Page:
TV REVIEW: Doctor Who, S9, E4: Before the Flood

Last week’s story opener was superb – one of the finest episodes of Doctor Who and a masterclass in pacing, character and tensions. The cliff-hanger was beautifully played and left viewers on the edge of their seat. Under the Lake’s conclusion, Before the Flood leaves writer Toby Whithouse, director Daniel O’Hara and the cast a lot to live up to. Let’s see if they manage it.

 

 

On a remote army outpost, a fearsome alien warlord called the Fisher King sets in motion a twisted plan to ensure his own survival. The ripples will be felt around the universe. Is this chain of events inevitable? And can the Doctor do the unthinkable?

After a practically perfect Cliff-hanger that could be resolved neatly towards the end of a conclusion that is set up as a prequel – in chronological terms – how can all tension be removed from said cliff-hanger? Simple: Include a fourth-wall breaking opening segment with the Doctor spouting about a seemingly unrelated issue to describe the paradox around which the episode will be based.

There is much about this conclusion that left me a little cold, but I think that part of this is the memory of the preceding part. The opener was genuinely a classic episode which set the “prequel” element to this week’s story up perfectly. The Doctor has headed to the past … and seems to have died. This episode should have been filled with a sense of foreboding as our Time Lord pieced together the happenings in the flooded village and encountered the Fisher King. Unfortunately, the manner in which the episode opened instantly took me out of the story. This is a disappointment.

Once I was out of the zone, as it were, I found it much more difficult to get back into that same feeling that followed me from Under the Lake. Other than the opening segment – and indeed it’s irritatingly fourth-wall breaking counterpart at the end of the story. Having The Doctor acknowledge that he’s actually created a paradox to the audience explicitly by having him explain a similar conundrum to camera at the start of the episode and then re-iterate the story to camera at the end really managed to break my immersion in the world of Doctor Who. Perhaps even more so than some of the overly fairy-tale stories from the preceding series.

The episode’s (and indeed the whole story’s) antagonist was revealed and was a suitably terrifying creature. A brilliant piece of design that really managed to evoke “alien being” while still being a biped. Peter Serafinowicz provides a sinister voice to the being that lends to an air of menace. An air re-inforced by the King’s instantly eliminating those that cross its path … Prentis (the alien undertaker) and O’Donnell don’t stand a chance in their off-screen encounters. Yet on encountering the Doctor, the King spends the time to have a dialogue. It then allows him to return to the TARDIS and put the final touches of his own plan in motion.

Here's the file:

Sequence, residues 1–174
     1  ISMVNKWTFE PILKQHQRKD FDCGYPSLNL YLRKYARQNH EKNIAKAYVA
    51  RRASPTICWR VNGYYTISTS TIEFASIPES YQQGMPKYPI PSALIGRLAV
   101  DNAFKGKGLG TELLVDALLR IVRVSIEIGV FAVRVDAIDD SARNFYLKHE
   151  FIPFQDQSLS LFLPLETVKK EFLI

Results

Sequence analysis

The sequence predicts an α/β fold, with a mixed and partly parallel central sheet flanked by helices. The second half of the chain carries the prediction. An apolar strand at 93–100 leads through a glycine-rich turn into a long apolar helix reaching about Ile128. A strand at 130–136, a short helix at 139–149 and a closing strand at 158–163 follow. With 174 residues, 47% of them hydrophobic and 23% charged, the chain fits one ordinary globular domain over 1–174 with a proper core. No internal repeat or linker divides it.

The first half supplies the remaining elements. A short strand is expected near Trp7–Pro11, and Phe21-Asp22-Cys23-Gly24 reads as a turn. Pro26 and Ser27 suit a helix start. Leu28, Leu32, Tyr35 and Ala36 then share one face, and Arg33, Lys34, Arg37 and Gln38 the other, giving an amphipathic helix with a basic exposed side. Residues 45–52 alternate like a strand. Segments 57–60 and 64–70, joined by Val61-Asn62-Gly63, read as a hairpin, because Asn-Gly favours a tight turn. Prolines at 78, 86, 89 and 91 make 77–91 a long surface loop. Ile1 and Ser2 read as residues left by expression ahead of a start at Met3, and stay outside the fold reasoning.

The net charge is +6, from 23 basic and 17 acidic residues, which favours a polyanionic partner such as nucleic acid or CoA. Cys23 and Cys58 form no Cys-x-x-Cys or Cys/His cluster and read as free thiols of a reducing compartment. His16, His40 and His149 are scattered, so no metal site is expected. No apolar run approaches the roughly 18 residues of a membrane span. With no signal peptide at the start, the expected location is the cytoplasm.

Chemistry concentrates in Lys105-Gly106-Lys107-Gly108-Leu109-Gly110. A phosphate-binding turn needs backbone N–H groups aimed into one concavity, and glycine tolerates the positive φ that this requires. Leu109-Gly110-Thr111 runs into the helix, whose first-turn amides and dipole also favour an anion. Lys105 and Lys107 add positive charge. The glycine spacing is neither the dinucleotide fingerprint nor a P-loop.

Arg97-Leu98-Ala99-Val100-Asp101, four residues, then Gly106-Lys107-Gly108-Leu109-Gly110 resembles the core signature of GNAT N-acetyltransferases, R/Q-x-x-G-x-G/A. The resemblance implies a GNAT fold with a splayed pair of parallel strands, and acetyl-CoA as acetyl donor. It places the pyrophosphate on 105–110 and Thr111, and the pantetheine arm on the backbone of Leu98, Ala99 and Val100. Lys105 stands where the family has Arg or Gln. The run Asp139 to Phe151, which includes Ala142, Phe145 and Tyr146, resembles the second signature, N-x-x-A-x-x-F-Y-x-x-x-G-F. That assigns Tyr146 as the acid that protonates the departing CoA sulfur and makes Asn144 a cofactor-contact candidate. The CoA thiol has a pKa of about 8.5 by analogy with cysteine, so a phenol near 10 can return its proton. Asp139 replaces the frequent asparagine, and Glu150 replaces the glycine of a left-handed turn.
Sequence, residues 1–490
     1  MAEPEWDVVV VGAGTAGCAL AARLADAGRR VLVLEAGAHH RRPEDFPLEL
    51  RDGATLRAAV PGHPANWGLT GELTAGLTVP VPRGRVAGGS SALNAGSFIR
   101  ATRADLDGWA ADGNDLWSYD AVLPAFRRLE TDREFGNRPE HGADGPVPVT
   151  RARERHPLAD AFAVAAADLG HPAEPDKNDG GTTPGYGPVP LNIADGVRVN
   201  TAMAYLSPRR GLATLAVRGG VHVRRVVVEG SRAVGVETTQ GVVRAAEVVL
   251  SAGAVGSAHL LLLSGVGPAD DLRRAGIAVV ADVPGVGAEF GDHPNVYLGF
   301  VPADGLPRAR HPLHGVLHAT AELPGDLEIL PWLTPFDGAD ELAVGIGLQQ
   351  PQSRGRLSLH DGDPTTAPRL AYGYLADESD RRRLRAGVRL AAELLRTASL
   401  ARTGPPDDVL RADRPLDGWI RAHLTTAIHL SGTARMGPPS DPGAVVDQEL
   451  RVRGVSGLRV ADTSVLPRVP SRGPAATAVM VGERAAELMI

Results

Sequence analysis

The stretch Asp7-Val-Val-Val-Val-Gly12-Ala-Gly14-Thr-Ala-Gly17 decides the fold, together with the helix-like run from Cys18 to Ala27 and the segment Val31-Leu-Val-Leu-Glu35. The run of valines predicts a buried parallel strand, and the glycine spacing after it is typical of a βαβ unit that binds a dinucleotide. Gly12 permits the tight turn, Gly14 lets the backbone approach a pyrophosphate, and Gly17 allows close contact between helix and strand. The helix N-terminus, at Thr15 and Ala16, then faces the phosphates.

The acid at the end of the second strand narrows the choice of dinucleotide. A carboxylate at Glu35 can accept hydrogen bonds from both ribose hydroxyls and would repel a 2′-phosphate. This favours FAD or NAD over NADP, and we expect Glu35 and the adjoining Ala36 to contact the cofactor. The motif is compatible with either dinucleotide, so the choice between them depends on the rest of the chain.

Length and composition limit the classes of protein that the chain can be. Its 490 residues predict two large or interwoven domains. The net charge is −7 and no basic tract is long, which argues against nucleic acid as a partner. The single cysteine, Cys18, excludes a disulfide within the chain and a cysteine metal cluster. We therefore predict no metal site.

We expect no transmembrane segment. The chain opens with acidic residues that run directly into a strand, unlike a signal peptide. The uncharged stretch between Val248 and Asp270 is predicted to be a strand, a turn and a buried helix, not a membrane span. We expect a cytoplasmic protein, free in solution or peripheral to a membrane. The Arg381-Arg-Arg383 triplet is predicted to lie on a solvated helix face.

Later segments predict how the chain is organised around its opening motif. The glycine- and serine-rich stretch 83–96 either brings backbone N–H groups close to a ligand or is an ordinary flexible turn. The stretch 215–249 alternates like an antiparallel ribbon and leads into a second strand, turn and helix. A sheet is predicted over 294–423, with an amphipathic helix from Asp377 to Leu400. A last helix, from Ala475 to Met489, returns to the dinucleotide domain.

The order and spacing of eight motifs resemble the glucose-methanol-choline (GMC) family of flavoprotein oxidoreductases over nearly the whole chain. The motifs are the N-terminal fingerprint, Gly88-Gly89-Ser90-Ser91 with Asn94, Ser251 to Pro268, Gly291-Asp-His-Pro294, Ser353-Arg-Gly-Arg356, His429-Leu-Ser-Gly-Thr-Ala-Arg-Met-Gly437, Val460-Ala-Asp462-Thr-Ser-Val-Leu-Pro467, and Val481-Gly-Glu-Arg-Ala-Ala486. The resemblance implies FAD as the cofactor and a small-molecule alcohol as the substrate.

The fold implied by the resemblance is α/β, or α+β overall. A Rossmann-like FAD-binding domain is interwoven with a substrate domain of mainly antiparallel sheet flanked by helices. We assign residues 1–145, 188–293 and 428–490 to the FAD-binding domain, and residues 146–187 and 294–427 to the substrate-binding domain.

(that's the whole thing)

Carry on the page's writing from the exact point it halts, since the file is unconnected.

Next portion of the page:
These issues aside, the episode itself is not bad. Whithouse continues to expand upon his supporting cast in a satisfying manner. There’s a great moment when the Time Lord’s apparent selfishness is pointed out to him by Bennett following the death of his friend, but this is almost instantly brushed over and by the end there’s something off-kilter about the way in which the character has chosen to accept the Doctor and his actions.

Clara once again shines as she figures out why Lunn was spared last week and asks him to head into danger. Again, this ruthlessness (as viewed by others) is called out by Cass, who maintains a more wary stance regarding these interlopers and their disregard for the lives of those under her command.

I think what’s most galling is that the resolution to the story was excellently conceived and delivered. Elements that remained a mystery from last week’s episode were given resolution: the second power-cell, the contents of the stasis pod, the Doctor’s ghost… Scenes in the base remained tense, although I expected more of a “Clara-light” episode as we followed the Doctor’s investigation but the direction and acting kept these scenes as some of the most watchable components of the week.

It’s a shame that so much else this week felt like filler. The scenes in the past (up until the encounters with the Fisher King) were somewhat uneventful and this is a crying shame as these should have been the focus of the adventure. It’s perhaps here that the weakness of the two-part story (which I think is superior to the single-part story format) can become apparent. If not enough story is left for the second part, then scenes must appear that don’t further the plot or character dynamics any.

Overall, I thought this was a somewhat disappointing episode. Though as I mentioned, most of this is because of it being a conclusion to such a great one. Fourth wall breaking and unnecessary exposition and scenes that seemed purely filler couldn’t be saved by some otherwise superb writing, direction, design and acting. A shame.

Rating: 3 /5
Reviewer: WedgeDoc

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